Tag Archives: heritage

CRG and The Safe Seed Pledge

The CRG Safe Seed Pledge is an expression of the scientific belief that gene manipulation of food supplies is essentially immoral.

CRG stands for the “Council for Responsible Genetics.”

For several years, when you go to the CRG Safe Seed Pledge website, what’s there now is a sales page for Microsoft Internet Information Services software.

Incidentally,  Microsoft founder Bill Gates is the largest farmland owner in the United States.

Make of that what you will.

Nevertheless, the CRG statement itself remains an effective declaration within the context of heirloom and open-pollinated seed production.

CRG Safe Seed Pledge

The Safe Seed Pledge:

“Agriculture and seeds provide the basis upon which our lives depend. We must protect this foundation as a safe and genetically stable source for future generations.

For the benefit of all farmers, gardeners and consumers who want an alternative, we pledge that we do not knowingly buy or sell genetically engineered seeds or plants.

“The mechanical transfer of genetic material outside of natural reproductive methods and between genera, families or kingdoms, poses great biological risks as well as economic, political, and cultural threats. We feel that genetically engineered varieties have been insufficiently tested prior to public release.

“More research and testing is necessary to further assess the potential risks of genetically engineered seeds. Further, we wish to support agricultural progress that leads to healthier soils, to genetically diverse agricultural ecosystems, and ultimately to healthy people and communities.”


While we, of course don’t think the Pledge is insignificant, we feel the bigger threat here is armies of lobbyists and lawyers owned by very few huge conglomerates like Monsanto.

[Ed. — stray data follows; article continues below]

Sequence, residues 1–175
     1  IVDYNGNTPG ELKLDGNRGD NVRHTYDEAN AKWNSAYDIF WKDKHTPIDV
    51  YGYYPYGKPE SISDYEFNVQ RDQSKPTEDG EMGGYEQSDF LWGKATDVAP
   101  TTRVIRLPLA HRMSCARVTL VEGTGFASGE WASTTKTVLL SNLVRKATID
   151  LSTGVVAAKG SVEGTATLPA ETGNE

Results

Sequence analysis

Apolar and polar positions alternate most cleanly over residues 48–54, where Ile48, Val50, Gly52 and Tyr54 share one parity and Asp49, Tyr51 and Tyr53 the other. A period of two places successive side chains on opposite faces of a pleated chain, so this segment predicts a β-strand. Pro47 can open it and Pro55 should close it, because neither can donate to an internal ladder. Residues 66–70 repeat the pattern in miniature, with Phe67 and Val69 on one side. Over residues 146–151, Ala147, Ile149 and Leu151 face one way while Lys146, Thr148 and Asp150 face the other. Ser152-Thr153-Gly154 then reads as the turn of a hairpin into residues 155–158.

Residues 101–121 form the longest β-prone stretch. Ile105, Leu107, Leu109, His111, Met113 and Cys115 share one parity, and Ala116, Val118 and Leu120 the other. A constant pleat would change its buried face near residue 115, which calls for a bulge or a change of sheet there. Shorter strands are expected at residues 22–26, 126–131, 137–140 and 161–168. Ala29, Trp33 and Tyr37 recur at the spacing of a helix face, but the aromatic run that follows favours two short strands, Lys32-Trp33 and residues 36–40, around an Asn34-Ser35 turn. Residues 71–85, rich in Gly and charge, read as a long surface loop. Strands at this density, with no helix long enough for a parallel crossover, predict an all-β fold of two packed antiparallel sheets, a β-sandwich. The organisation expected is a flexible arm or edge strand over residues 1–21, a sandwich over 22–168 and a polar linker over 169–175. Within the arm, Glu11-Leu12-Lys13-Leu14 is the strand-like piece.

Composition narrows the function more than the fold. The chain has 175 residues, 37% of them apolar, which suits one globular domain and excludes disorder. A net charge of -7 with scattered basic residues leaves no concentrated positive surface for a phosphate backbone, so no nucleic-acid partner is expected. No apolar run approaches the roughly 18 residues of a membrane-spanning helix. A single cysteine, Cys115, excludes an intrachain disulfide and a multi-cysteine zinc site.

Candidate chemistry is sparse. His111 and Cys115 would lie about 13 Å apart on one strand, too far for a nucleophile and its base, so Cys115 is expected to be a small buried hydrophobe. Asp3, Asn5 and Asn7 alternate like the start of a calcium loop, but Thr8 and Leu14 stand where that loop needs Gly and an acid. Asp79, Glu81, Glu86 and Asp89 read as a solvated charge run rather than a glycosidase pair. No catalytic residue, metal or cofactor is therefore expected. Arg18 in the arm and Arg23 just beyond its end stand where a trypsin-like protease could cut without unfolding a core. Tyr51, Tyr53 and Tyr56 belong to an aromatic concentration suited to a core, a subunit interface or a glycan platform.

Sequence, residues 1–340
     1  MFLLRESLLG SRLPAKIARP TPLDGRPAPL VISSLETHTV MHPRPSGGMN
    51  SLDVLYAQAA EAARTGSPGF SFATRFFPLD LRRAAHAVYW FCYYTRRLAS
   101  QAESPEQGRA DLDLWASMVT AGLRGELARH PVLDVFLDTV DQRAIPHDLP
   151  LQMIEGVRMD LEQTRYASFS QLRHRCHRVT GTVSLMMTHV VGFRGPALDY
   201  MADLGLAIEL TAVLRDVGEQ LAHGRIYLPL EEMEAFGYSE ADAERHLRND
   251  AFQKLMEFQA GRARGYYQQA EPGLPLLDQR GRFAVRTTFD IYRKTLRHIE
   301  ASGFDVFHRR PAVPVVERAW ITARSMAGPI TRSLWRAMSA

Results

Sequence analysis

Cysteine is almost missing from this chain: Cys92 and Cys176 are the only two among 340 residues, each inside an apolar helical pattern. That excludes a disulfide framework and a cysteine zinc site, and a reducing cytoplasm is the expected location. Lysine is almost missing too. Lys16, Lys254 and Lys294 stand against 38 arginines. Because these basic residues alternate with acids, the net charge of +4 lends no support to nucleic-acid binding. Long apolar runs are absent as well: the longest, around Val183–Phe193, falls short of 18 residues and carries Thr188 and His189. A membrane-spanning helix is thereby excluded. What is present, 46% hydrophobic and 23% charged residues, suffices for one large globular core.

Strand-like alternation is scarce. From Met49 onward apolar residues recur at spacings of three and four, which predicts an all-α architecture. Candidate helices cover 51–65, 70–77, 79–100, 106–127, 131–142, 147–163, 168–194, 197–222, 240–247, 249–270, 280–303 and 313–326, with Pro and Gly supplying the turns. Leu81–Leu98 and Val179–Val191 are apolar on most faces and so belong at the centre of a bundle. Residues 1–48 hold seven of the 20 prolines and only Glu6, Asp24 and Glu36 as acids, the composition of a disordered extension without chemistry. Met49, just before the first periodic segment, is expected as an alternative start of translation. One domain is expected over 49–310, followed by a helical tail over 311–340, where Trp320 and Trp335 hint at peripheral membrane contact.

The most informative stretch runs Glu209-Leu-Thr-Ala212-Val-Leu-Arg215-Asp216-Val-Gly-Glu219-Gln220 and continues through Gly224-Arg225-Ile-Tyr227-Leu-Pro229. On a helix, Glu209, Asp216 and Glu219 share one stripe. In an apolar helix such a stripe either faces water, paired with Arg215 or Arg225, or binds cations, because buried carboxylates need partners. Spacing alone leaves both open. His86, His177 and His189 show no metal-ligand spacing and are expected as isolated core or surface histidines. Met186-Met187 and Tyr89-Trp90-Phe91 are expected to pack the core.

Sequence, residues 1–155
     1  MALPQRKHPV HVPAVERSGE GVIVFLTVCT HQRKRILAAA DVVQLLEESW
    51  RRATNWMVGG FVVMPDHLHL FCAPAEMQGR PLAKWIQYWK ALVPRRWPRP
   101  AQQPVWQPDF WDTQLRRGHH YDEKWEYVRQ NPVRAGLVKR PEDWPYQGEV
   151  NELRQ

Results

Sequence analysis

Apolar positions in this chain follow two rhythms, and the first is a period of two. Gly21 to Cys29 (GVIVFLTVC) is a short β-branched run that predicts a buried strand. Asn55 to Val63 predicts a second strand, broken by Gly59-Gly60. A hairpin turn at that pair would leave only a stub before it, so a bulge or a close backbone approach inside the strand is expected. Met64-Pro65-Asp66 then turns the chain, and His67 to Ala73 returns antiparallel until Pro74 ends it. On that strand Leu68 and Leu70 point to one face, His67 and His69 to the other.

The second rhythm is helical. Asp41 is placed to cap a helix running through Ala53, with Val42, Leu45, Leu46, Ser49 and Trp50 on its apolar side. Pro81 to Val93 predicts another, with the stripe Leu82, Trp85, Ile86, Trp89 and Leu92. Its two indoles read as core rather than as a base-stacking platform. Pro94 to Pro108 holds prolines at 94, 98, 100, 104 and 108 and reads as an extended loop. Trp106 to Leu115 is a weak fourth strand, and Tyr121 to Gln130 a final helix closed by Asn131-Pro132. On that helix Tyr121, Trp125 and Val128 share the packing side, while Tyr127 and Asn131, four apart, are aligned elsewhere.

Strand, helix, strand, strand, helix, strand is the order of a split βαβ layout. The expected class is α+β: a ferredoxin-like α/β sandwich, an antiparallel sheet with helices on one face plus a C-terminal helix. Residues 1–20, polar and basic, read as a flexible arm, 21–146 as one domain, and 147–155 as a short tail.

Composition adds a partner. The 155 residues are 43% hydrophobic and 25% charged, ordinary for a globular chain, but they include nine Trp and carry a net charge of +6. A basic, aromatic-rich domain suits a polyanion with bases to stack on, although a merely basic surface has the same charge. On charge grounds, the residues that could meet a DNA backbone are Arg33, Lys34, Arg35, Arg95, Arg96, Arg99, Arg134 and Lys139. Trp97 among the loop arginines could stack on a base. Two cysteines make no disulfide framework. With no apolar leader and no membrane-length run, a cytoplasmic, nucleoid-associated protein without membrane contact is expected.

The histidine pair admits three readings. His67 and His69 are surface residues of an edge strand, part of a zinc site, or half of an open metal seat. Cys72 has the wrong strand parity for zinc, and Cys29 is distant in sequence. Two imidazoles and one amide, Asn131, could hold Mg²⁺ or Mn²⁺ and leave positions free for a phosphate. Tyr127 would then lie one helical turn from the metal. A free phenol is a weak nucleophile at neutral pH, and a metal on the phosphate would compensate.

Truthfully, the average home gardener, and even most market growers, aren’t likely to buy consumer-market GMO seeds. They’re specifically developed to address large industrial farms.

However, the big agricultural concerns, food industries and even pharma have taken some beatings in the pocketbooks, as lost revenue to the heirloom seed trade.

WARNING: Their response to these losses is to buy heirloom seed companies. Some of them are closed to thin out the competition.

However, most are simply left as they are, to function normally, except now as a new revenue stream for the conglomerate.

You might think you’re boycotting GMO, but buying from an heirloom company whose profits go to fund GMO and lobbyists for big industrial combines.

Lovely how these things go. Pretty smart, in fact. And smart is what you’re up against. So be smart, yourself. This business ain’t always as simple as it looks.

Planting open-pollinated seeds is a modern act of resistance. Plant those seeds and change your life.


Hardy Perennials Add Color to Your Winter

If winter finds you longing for those riotous colors of spring and summer, cheer up. You can enjoy a colorful winter that rivals spring blooms and fall foliage for sheer variety and color. There are lots of colorful plants that love the cold, and some even bloom in the snow! Here are just a few to consider.